I know, I know, it’s football, but I think there are better ways to get the most out of players than sideline and practice field tirades and histrionics. These gorillas gotta join the 21st century.
Went to “Lincoln” yesterday with wife and son. It was really good. Daniel Day-Lewis was very fun to watch — and thankfully more understated in the role than in his scene-chewing performances in Gangs of New York and There Will Be Blood.
Tommy Lee Jones was great, but I can think of about 45 actresses I’d rather see as Mary Lincoln than Sally Field.
So I really liked it, but…
It’s Spielberg, and the ham-handed emotional manipulation caused more than a few eye rolls in the dark of the theater.
“Now I will make you laugh with James Spader cursing, while happy music plays.”
“Now I will make you cry with a zoom in on the tears in the eyes of the black servant.”
“Now I will gross you out when the man dumps severed legs into a garbage pit! Remember when the head popped out of the sunken boat in Jaws? I think I’ll try that again.”
Definitely worth seeing, but in my opinion, Spielberg treats audiences like children (which apparently we are, given his success).
Bird news
We’ve received reports that evening grosbeaks and pine grosbeaks are visiting feeders in the area.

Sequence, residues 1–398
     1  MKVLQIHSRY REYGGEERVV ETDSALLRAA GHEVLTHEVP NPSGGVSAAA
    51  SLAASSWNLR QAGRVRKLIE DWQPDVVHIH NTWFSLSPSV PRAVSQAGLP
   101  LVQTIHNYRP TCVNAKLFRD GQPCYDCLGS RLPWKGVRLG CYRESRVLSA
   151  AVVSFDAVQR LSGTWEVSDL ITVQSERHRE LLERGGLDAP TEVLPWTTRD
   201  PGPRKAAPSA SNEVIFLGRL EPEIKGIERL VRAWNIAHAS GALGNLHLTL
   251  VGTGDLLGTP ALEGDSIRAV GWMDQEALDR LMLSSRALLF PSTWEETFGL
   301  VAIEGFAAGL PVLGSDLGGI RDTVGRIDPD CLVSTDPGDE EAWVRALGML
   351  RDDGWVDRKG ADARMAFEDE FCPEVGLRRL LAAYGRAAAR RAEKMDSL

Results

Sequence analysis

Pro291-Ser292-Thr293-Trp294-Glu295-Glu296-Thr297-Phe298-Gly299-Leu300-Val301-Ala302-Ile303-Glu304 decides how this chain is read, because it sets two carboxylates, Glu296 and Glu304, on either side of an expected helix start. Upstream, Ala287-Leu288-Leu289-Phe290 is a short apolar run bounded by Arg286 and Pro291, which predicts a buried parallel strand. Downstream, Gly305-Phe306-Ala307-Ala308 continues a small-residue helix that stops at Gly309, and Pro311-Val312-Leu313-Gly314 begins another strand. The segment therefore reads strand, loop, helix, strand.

A brief Internet query turned up lots of speculation that this will be an “irruption” year for boreal songbirds, including grosbeaks, crossbills, redpolls, siskins and red-breasted nuthatches.
Irruptions usually occur due to food shortages in the north, like small crops of berries and conifer seeds.
A reader was also mystified by the appearance of a sandhill crane. According to the DNR, migration of sandhills can take place through mid-November, so it’s not really out of the ordinary. The warm weather probably has them taking their time.
Here’s an old column from Thanksgiving 2010. An attitude of gratitude that even skeptics and secularists should be able to relate to.
I’ve been dealing with a chronic sinus infection since May. I’ll spare you the details of the symptoms, but I’ve been working on an extended metaphor involving the sinuses as the Mines of Moria from Lord of the Rings, with the Fellowship as the various treatments (antibiotics, neti pot, sinus rinse, essential oils, apple cider vinegar, fasting, steam, heat packs, etc.) and the infection as the goblins, cave trolls, and ultimately, the Balrog, that live in the mines. I am hoping for Gandalf to come and finally destroy the Balrog, but so far it hasn’t happened. Appointment with specialist next week.
Speaking of which, it’s amazing the number and variety of homeopathic remedies, medical opinions, gullible sufferers, crackpot quacks, and all manner of health-related hogwash one can find on the Internet. It must drive the doctors crazy when people come in with their various New Age theories and Olde Tyme remedies.
I just want a pill to kill the Balrog.
Mille Lacs County’s recycling services will go to J. Vanderpoel, whose proposal will save the county $9,000 over three years. Not sure how I feel about that. Is it worth 30 extra cents per citizen to go with a tried-and-true provider versus an unknown quantity?
The weather today is spectacular. I was in Chicago over the weekend enjoying unseasonably warm weather. The fog lately has been odd, and it makes me wonder if it’s yet another example of the “new normal” of the greenhouse era.
Which is the main reason why it’s important to have people who believe in science in positions of power.